A thought provoking and controversial book came out that reflects on the undeniable connection between East Asian parenting styles and the high levels of academic achievement among Asian-American students. Those who believe that this is a stereotype should take five minutes and look up statistics on high school graduation, college attendance, income, incarceration and out-of-wedlock birth rates among Asian Americans. I believe it's obvious that these values are also major factors in the stellar economic rise of East Asian nations. The author, Amy Chua attributes this success to the focus on discipline, learning and achievement. On a deeper level, this represents what Mrs. Chua calls the "virtuous cycle," discipline leads to achievement, which creates a true sense of satisfaction. The idea that learning must be "entertaining" and "relevant,: which is endemic in the world of American education, is alien to this worldview.
In contrast, over the last 40 years, large segments of western society have simultaneously elevated self esteem to religious heights, while disconnecting it from real achievement. Predictably, academic and economic achievement in the west have stagnated, narcissism has flourished and I believe on a deeper level, self esteem is no more the better.
In no way am I idealizing East Asian Culture and depreciating modern, Western Culture; all cultures have their strengths and weaknesses, positive aspects and pathologies. I am merely stating that if we as a nation are serious about addressing our lackluster educational achievement, we should explore the successes and yes, the failures of other cultures.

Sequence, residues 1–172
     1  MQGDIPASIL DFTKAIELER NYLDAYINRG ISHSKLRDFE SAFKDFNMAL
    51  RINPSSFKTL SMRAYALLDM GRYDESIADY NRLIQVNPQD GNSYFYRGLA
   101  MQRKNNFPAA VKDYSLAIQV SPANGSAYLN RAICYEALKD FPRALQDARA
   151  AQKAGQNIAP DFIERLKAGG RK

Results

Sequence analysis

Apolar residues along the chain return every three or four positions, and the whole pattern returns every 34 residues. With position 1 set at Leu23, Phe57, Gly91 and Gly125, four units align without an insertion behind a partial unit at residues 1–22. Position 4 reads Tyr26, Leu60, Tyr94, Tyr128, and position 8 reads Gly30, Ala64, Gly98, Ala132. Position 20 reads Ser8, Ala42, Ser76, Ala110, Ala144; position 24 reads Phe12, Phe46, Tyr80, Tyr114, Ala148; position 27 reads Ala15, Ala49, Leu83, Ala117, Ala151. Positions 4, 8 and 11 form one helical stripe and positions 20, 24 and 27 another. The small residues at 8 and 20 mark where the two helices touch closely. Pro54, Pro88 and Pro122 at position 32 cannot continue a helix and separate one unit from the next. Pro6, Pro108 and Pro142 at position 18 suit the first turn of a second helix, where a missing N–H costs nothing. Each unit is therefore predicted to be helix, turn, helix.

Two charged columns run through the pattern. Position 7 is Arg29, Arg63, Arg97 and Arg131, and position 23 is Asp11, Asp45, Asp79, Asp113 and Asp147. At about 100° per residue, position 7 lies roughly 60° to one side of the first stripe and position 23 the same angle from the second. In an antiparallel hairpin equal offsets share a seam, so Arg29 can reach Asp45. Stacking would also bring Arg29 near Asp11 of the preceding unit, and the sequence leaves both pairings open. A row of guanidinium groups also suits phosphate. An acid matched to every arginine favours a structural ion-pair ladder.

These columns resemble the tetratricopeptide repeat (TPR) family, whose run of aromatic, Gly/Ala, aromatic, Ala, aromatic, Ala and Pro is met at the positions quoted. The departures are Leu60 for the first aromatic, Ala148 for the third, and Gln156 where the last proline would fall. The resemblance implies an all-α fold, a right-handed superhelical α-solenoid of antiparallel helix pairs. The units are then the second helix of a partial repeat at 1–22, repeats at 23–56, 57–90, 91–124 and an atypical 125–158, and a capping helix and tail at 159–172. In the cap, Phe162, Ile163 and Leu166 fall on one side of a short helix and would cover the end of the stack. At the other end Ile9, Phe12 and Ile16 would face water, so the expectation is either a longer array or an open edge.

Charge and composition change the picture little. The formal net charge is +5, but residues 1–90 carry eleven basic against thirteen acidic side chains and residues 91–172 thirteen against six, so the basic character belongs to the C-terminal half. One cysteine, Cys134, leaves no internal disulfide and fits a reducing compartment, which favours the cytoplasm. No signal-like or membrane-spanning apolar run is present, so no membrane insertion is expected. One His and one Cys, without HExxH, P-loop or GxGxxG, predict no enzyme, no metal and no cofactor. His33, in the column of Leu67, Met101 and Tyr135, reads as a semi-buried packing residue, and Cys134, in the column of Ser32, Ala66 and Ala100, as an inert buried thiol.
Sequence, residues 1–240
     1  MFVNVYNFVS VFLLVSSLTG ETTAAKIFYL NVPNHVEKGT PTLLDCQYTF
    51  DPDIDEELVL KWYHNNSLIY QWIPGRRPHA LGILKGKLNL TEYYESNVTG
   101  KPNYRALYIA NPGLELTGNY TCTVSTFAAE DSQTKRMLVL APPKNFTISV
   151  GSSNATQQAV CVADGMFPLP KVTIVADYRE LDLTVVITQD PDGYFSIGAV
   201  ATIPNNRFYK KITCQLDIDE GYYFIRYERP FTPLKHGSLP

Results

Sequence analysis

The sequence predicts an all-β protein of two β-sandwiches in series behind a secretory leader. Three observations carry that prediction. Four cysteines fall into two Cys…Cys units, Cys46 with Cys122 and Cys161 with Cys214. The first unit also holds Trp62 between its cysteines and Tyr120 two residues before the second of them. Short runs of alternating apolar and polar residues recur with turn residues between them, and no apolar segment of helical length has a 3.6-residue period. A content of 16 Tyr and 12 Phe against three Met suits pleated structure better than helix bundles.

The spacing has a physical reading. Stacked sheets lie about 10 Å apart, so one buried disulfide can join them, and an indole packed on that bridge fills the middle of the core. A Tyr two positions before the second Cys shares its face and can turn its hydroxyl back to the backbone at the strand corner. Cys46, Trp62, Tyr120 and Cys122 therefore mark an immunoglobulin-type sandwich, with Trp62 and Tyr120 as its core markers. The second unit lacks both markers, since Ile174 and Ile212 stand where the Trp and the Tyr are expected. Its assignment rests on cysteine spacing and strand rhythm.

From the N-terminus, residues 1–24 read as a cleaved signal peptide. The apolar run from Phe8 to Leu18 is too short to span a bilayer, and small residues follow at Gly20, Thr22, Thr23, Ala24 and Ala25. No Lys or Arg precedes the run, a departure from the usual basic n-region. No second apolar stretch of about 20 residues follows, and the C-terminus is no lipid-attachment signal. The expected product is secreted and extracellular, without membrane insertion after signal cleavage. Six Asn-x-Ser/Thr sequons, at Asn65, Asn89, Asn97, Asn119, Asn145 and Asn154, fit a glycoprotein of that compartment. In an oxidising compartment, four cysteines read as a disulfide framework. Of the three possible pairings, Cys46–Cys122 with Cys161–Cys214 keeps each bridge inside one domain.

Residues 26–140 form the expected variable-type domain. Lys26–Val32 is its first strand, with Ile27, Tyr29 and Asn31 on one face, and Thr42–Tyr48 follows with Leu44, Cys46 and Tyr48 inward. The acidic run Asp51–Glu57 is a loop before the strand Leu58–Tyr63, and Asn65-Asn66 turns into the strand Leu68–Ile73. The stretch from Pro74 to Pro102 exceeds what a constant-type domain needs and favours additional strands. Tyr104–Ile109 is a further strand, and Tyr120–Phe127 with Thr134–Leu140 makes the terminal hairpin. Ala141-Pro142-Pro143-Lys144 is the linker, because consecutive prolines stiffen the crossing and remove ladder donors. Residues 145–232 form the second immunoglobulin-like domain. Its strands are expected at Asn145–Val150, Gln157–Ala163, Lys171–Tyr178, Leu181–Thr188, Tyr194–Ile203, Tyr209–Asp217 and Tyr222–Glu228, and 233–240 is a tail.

Perhaps more interesting than the actual article were the public responses. Some responses were quite positive, but I was surprised by the visceral hostility, rather than thoughtful debate that Mrs. Chua's book provoked. In fact Rolling Stone Magazine published an article in which a court of public opinion charged her with being an "asshole." I suspect that this largely stems from the fact that Mrs. Chua has indirectly challenged major elements of the "progressive revolution" in culture, education and parenting that has reshaped American Society over the last forty years. More specifically, she has brought its failings to light. I say "failings" rather than "failure," because some of the changes have indeed been positive. For whatever benefits eroding parental and teacher authority and elevating self esteem may have brought, improved academic performance was not one of them. The mere success of Asian Americans is a challenge to the world view off progressives, who believe that the academic and economic output of different groups is merely a product of "racism" and "white privilege" and accordingly must be remedied by massive state intervention.